The War of the Words

Cold war heating up quickly as UN Security Council convenes on Russia and Ukraine-conflict.

On the 9th and 10th of November NATO reported “thousands of Russian troops, along with columns of tanks, artillery and air-defence systems crossing the Russian-Ukraine border into Eastern Ukraine”. (1) Though in essence this constitutes a textbook military invasion by almost any definition, nevertheless such words were avoided and reports resorted to “incursion” in a new exercises of semantic acrobatics.

Previously, the hostilities worsened between The West and Russia, following the pro-separatist self-rule referendum in the eastern part of the country on 2nd of November. Combined with several other incidents with Russian military along NATO-borders, and now these troop-movements, the UN Security Council(UNSC) decided to hold an emergency session on Wednesday 12th November to discuss these recent developments. (2)

Semantics rule at the UN

Though one might expect a meeting of the UNSC to be a rather diplomatic performance. As words have meaning and most of the diplomatic work will be done off-camera. However, at this 26th meeting of the UNSC on the situation on Ukraine and Russia, a more heated exchange surfaced (3).

After a factual opening statement by the chair (Australia) and detailed briefing by OSCE representatives through video teleconference from Kyiv, the US, voiced by Ambassador Samantha Power, went in all the way: She had no hesitation to state beyond any doubt that Russia was the one who was “flagrantly violating Ukraine’s sovereignty and territorial integrity.” Power continued: “Rather than withdrawing its military forces, Russia is surging more forces across the border into Ukraine. And whereas at the Minsk agreement all sides committed to immediately free all hostages and illegally held persons, yet Russia and the separatists still hold about 500 captives.”

The UK, by Representative Sir Mark Lyall Grant, supported the viewpoint of the US, and added an extra accusation of Russia to escalate not only peace and security, but also to undertake actions that undermine Ukraine’s sovereignty. If Russia was not supplying separatists in Eastern Ukraine, why then is it blocking expansion of monitoring by OSCE?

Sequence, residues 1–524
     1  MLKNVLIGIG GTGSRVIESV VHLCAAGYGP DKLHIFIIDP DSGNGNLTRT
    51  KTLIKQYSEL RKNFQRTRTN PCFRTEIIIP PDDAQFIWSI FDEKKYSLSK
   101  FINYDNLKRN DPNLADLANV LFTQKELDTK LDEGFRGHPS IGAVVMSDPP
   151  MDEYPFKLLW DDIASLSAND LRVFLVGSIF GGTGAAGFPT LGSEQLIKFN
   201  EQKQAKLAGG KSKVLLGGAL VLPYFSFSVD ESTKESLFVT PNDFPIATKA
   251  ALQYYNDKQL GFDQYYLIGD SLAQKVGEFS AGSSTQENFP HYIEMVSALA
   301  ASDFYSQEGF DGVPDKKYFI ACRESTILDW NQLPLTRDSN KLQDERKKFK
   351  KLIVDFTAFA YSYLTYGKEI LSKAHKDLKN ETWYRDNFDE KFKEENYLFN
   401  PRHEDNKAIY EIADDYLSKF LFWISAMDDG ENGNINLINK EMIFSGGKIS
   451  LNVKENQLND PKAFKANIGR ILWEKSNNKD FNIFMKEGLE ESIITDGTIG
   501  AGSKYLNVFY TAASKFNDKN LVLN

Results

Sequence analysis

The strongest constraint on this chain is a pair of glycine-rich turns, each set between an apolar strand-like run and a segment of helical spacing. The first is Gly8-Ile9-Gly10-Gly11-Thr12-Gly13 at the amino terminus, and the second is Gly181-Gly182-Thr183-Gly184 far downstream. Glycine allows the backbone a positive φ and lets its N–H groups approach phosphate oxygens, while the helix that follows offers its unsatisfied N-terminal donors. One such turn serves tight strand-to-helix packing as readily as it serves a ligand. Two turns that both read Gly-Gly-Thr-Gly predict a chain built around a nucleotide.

Contrasting was China’s representative, mr Wang Min, who, to almost anyone’s surprise, characterized the situation in Ukraine as “stable” despite recent attacks. He further mentioned that China welcomed the recent agreements on natural gas between Russia and Ukraine, referring to the new deal between Ukraine, Russia, and the EU, not mentioning the latter. Finishing up without ever mentioning the role of EU, China pressed for a “constructive dialogue” with regard to the principle of non-interference in the internal affairs of other countries.

Again contrasting was the representative of Lithuania, Ms Murmokaitė. She was quite clear: the conflict in Ukraine was anything by an internal affair. “It is Russia’s war against Ukraine for daring to choose a different, European path”. Russia must stop threatening neighbour states and allow Ukraine’s choice for Europe to be reaffirmed by the last elections, and thus be respected.

Verbal judo: Russia vs Ukraine

As in a bad movie, the Russian representative, Mr Alexander Pankin, started off, in Russian of course, by asking the chair not allowing the meetings of UNSC to become a farce of anti-Russian propaganda.
He followed up by blaming Ukraine to use the cease fire for a new concentration of forces, and mentioned how Russia was being discouraged by a lack of response by OSCE, and even worse: neglecting large important pieces in their reports, which quickly deconstructed any trust between the involved parties. The Russians had done their homework well, and gave an impressive lesson of cold- war- “whataboutism” Finishing up that it was high time for Kiev, not Moscow, to fulfil its obligations.